Homogeneous charge compression ignition (HCCI) is a promising concept that can be used to reduce NOx and soot emissions in combustion engines, keeping efficiency as high as for diesel engines. To be able to accurately control the combustion behavior, more information is needed about the auto-ignition of fuels. Many fuels, especially those containing n-paraffins, exhibit pre-reactions before the main heat release event, originating from reactions that are terminated when the temperature in the cylinder reaches a certain temperature level. These pre-reactions are called low temperature heat release (LTHR), and are known to be affected by engine speed. This paper goes through engine speed effects on auto-ignition temperatures and LTHR for primary reference fuels. Earlier studies show effects on both quantity and timing of the low temperature heat release when engine speed is varied. In this study, these effects are further explored by looking at the auto-ignition temperatures and the pressure and temperature evolution in the cylinder.
Technical Paper
2014-10-13
Kenan Muric, Ola Stenlaas, Per Tunestal, Bengt Johansson
n the last couple of decades, countries have enacted new laws concerning environmental pollution caused by heavy-duty commercial and passenger vehicles. This is done mainly in an effort to reduce smog and health impacts caused by the different pollutions. One of the legislated pollutions, among a wide range of regulated pollutions, is nitrogen oxides (commonly abbreviated as NOx). The SCR (Selective Catalytic Reduction) was introduced in the automotive industry to reduce NOx emissions leaving the vehicle. The basic idea is to inject a urea solution (AdBlue™) in the exhaust gas before the gas enters the catalyst. The optimal working temperature for the catalyst is somewhere in the range of 300 to 400 Celsius. For the reactions to occur without a catalyst, the gas temperature has to be at least 800 oC. These temperatures only occur in the engine cylinder itself, during and after the combustion. In this paper a study is presented where a second injector is installed in a Scania D13 cylinder head for urea injection purposes.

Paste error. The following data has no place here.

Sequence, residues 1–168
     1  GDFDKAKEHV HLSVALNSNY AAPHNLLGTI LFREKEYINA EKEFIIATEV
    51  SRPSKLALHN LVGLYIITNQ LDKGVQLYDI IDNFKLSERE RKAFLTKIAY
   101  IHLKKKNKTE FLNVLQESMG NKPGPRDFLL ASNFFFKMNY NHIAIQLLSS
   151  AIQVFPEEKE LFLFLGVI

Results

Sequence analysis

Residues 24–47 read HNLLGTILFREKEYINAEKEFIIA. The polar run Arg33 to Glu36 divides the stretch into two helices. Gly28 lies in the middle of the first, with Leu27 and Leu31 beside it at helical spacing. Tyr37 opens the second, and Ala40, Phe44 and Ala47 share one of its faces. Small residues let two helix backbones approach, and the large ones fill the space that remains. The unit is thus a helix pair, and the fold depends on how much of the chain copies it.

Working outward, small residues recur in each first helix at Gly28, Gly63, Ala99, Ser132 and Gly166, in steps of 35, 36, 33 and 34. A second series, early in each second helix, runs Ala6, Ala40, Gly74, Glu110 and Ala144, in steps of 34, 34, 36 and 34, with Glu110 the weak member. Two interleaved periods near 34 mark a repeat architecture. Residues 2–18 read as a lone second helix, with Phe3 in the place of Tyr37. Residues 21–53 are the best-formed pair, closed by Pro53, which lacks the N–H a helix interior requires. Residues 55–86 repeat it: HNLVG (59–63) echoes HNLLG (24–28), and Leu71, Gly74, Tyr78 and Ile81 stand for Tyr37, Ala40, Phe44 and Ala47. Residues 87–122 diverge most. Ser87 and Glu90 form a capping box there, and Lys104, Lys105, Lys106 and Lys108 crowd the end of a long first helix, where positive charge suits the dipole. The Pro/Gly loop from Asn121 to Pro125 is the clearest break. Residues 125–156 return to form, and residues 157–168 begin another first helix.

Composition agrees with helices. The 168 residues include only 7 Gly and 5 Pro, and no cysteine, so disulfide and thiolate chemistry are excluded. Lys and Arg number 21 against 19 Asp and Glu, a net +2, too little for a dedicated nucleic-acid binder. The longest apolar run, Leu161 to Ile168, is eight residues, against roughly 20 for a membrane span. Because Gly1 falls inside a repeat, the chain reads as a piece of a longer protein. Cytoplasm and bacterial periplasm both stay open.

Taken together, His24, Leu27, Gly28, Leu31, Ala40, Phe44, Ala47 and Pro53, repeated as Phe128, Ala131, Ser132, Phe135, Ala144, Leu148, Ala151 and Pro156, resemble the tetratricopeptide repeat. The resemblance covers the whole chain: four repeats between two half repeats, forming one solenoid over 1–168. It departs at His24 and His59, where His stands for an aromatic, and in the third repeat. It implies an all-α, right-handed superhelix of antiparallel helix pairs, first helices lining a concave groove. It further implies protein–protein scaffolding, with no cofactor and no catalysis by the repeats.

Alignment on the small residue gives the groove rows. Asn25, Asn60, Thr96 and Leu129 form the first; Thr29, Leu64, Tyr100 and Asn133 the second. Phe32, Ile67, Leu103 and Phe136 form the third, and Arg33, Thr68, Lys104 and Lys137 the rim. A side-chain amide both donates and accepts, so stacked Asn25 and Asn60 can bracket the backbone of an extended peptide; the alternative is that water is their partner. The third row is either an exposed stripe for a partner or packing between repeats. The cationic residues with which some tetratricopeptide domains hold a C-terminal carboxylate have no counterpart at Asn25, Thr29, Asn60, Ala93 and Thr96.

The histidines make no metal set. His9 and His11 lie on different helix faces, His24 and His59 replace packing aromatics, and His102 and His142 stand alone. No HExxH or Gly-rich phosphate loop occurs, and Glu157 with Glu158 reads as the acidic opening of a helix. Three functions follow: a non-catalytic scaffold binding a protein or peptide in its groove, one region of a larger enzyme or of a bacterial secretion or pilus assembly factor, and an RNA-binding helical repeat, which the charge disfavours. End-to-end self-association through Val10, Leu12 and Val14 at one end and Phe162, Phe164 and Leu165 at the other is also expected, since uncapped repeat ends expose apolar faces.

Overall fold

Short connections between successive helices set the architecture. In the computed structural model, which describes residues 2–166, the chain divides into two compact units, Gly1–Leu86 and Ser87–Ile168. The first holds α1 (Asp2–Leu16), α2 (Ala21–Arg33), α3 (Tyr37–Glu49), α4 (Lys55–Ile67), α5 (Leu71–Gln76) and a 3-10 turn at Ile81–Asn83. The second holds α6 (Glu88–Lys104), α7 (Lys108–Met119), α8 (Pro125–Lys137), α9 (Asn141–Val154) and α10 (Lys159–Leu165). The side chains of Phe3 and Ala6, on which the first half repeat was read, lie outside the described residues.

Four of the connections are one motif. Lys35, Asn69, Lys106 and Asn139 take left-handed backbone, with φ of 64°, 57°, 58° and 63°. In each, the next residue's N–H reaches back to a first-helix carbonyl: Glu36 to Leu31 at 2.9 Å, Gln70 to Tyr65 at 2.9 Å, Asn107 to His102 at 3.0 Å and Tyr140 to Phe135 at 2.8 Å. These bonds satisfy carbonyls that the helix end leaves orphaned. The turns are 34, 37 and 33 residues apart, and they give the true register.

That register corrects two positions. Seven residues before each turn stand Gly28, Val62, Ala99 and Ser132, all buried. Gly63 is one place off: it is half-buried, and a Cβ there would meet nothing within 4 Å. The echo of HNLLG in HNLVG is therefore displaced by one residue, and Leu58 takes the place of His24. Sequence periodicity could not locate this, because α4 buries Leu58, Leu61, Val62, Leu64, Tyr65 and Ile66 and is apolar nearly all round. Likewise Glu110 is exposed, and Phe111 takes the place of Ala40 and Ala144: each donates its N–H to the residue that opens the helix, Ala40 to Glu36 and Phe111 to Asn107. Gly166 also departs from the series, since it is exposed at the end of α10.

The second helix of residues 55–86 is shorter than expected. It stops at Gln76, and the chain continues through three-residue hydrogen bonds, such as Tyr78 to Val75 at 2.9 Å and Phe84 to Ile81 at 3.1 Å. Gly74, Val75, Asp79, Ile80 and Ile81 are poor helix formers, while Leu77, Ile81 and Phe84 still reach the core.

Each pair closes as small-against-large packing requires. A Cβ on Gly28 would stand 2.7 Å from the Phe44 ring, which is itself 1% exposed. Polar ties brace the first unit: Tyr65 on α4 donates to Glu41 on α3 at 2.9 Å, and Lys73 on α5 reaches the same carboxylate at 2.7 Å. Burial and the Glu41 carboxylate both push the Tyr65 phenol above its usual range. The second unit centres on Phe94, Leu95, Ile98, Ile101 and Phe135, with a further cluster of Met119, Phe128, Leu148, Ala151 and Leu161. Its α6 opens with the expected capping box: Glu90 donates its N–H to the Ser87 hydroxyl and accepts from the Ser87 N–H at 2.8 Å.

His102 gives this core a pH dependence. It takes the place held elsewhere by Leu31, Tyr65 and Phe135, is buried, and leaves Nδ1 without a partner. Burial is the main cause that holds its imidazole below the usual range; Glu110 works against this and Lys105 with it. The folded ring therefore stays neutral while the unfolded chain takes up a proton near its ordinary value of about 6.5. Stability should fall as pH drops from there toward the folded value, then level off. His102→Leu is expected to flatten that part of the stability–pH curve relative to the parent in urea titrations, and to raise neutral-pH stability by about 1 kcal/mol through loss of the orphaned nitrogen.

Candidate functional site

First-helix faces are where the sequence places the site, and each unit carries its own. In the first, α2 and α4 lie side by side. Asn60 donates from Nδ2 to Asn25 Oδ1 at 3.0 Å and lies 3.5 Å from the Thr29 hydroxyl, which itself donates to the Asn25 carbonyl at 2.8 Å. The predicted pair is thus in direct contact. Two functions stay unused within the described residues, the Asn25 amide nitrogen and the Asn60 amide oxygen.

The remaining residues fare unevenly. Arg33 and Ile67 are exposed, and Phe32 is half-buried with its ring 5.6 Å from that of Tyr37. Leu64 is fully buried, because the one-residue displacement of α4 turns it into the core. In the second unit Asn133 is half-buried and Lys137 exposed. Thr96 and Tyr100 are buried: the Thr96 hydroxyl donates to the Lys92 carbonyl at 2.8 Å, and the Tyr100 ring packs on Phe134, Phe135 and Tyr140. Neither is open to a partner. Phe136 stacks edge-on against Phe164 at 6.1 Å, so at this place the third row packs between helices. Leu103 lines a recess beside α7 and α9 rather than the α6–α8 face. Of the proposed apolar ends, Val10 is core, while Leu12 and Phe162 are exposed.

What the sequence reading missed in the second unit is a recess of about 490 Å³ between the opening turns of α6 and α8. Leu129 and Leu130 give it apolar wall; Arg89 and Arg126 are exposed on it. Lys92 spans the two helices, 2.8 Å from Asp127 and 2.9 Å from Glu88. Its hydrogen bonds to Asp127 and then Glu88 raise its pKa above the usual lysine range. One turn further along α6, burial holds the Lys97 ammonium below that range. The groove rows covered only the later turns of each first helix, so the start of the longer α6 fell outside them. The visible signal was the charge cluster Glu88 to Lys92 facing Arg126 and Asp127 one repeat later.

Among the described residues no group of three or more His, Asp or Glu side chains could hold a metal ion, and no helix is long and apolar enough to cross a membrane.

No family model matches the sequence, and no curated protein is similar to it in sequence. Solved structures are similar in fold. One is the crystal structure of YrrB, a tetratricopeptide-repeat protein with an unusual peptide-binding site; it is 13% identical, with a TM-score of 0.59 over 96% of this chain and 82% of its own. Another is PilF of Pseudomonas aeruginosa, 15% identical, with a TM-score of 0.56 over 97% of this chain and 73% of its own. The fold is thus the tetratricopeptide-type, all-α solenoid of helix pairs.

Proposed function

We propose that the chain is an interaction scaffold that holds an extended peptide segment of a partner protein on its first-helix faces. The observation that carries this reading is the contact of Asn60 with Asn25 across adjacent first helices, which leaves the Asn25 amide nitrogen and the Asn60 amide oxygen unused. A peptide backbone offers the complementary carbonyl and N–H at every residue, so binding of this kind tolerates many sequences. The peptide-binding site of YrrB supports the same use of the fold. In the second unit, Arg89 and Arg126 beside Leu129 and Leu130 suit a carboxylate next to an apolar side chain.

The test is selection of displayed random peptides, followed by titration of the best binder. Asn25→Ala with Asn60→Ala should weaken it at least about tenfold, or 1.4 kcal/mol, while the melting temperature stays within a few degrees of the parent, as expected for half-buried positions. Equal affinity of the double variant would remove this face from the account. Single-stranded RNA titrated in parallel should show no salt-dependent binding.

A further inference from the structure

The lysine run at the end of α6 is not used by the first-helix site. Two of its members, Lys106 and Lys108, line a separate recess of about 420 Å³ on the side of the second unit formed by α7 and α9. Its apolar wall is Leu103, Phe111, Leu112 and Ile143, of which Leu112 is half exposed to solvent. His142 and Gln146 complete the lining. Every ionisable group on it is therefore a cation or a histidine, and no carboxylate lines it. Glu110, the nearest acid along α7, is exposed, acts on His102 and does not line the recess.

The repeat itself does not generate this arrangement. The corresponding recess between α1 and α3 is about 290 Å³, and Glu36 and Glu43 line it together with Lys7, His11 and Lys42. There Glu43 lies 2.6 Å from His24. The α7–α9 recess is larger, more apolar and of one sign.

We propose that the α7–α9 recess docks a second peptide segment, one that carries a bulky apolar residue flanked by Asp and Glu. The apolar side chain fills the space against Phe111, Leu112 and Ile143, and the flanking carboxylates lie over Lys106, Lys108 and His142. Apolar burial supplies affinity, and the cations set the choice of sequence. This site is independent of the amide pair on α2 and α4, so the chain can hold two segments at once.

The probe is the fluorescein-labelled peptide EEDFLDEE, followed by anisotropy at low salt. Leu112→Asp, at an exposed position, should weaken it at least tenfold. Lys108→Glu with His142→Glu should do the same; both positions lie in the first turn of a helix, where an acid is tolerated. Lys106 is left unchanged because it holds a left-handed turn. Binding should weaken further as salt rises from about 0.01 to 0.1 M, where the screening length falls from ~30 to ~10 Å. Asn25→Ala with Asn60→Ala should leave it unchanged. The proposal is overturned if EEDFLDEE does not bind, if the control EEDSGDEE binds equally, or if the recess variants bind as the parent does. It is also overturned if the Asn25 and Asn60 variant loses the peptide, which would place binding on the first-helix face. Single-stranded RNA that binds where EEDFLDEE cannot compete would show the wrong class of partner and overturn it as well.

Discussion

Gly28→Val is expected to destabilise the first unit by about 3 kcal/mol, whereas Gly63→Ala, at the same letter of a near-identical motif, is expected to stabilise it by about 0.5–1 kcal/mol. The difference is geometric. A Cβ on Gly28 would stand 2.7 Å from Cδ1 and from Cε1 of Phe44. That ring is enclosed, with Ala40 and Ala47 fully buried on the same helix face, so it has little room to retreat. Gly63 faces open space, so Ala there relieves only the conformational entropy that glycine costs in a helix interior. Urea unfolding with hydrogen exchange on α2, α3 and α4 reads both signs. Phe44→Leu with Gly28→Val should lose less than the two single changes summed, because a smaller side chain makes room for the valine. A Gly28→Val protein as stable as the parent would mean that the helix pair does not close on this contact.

Technical Paper
2014-04-01
Rikard Wellander, Joakim Rosell, Mattias Richter, Marcus Alden, Oivind Andersson, Bengt Johansson, Jeudi Duong, Jari Hyvonen
In this work the pre- to main chamber ignition process is studied in a Wärtsilä 34SG spark-ignited lean burn four-stroke large bore optical engine (bore 340 mm) operating on natural gas. Unburnt and burnt gas regions in planar cross-sections of the combustion chamber are identified by means of planar laser induced fluorescence (PLIF) from acetone seeded to the fuel. The emerging jets from the pre-chamber, the ignition process and early flame propagation are studied. Measurements reveal the presence of a significant temporal delay between the occurrence of a pressure difference across the pre-chamber holes and the appearance of hot burnt/burning gases at the nozzle exit. Variations in the delay affect the combustion timing and duration. The combustion rate in the pre-chamber does not influence the jet propagation speed, although it still has an effect on the overall combustion duration. PLIF images also show that there is mainly lean unburnt gas, originating from the main-chamber, that exit the pre-chamber in the initial phase of ignition, indicating incomplete mixing of the gases in the pre-chamber prior ignition.
Technical Paper
2014-04-01
Ashish Shah, Per Tunestal, Bengt Johansson
Abstract This article deals with application of a pre-chamber type ignition device in a heavy duty engine operated with natural gas. A particular pre-chamber ignition strategy called Avalanche Activated Combustion (originally ‘Lavinia Aktyvatsia Gorenia’ in Russian), commonly referred to as LAG-ignition process, has been studied by performing a parametric study of various pre- and main chamber mixture strength combinations. This strategy was first proposed in 1966 and has been mostly applied in light duty automotive engines. A majority of published data are results from developmental studies but the fundamental mechanism of the LAG-ignition process is unclear to date. To the best of authors' knowledge, the study presented in this article is the first generalized study to gain deeper understanding of the LAG-ignition process in heavy duty engines operating with natural gas as fuel for both chambers. The experiments are performed on a single cylinder 2.1 L engine fitted with a custom made pre-chamber capable of spark ignition, fuel injection and pressure measurement.
Technical Paper
2014-04-01
Hadeel Solaka Aronsson, Martin Tuner, Bengt Johansson